WASHINGTON (AP) — Democrats rammed a package of ground rules for their impeachment inquiry of President Donald Trump through a sharply divided House Thursday, the chamber’s first formal vote in a fight that could stretch into the 2020 election year.
The tally was 232-196, with all Republicans who voted opposing the resolution and just two Democratic defectors joining them: freshman Rep. Jeff Van Drew of New Jersey and 15-term veteran Rep. Collin Peterson of Minnesota, one of his party’s most conservative members. Both represent GOP-leaning districts.
The vote laid down the rules as lawmakers transition from weeks of closed-door interviews with witnesses to public hearings and ultimately to possible votes on whether to recommend Trump’s removal from office.
The action also took on more than technical meaning, with each party aware that the impeachment effort looms as a defining issue for next year’s presidential and congressional campaigns.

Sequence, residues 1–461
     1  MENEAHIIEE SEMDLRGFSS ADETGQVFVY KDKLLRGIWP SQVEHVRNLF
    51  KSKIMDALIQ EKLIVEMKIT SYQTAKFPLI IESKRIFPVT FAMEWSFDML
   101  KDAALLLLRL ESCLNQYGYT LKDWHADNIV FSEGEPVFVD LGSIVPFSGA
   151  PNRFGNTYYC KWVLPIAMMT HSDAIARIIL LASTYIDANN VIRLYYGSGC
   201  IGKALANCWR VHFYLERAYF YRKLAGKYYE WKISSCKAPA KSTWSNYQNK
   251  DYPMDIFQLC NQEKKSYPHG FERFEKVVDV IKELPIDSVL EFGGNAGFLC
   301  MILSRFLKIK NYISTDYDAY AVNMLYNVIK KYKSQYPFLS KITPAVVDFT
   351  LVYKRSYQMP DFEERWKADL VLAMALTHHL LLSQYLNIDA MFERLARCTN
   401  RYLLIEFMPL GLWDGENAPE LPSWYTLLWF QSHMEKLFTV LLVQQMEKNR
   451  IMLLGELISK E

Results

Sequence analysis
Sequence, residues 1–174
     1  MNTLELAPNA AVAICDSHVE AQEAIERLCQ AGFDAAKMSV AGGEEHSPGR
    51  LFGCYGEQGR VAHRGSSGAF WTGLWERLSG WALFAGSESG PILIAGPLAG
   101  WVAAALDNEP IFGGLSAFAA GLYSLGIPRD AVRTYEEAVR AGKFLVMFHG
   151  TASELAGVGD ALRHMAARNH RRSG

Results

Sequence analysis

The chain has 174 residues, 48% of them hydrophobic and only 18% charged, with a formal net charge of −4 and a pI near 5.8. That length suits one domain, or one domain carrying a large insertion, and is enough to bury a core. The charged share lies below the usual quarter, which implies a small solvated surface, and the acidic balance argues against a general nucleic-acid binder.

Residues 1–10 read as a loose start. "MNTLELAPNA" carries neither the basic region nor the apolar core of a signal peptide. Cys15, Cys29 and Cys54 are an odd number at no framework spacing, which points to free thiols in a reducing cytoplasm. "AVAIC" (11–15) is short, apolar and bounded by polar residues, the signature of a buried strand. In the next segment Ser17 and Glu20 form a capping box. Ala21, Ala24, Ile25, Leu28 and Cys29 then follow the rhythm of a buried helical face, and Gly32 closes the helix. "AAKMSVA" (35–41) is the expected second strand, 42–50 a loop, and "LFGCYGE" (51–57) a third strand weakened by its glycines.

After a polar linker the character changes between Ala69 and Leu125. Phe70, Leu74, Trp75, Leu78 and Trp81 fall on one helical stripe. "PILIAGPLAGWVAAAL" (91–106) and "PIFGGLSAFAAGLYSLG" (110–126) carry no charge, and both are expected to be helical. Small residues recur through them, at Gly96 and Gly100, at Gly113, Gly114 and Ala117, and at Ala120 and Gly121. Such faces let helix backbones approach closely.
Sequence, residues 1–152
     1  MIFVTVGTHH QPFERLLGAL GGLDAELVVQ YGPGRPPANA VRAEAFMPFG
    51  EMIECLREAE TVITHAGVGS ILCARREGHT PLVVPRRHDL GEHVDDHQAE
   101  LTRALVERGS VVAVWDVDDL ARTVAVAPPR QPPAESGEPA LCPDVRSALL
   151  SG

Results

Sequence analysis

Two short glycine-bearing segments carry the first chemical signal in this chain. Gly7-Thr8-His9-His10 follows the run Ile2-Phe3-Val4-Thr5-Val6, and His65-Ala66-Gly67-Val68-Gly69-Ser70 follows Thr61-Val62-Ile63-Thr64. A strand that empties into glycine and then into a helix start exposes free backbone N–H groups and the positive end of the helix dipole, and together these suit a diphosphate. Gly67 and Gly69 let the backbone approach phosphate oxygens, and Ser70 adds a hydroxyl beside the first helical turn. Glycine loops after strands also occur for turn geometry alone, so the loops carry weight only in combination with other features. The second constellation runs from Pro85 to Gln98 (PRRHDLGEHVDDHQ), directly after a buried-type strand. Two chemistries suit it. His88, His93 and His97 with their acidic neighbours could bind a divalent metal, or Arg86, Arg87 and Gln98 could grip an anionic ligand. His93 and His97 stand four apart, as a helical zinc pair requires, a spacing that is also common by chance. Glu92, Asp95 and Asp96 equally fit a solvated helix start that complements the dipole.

The vote, which occurred on Halloween, drew a familiar Twitter retort from Trump: “The greatest Witch Hunt in American History!”
White House press secretary Stephanie Grisham accused House Speaker Nancy Pelosi and the Democrats of an “unhinged obsession with this illegitimate impeachment proceeding.”
During the debate, Democrats spoke of lawmakers’ duty to defend the Constitution, while Republicans cast the process as a skewed attempt to railroad a president whom Democrats have detested since before he took office.
“What is at stake in all this is nothing less than our democracy,” said Pelosi. Underscoring her point, she addressed the House with a poster of the American flag beside her and began her remarks by reading the opening lines of the preamble to the Constitution.
House Minority Leader Kevin McCarthy, R-Calif., said Trump had done nothing impeachable and accused Democrats of trying to remove him “because they are scared they cannot defeat him at the ballot box.”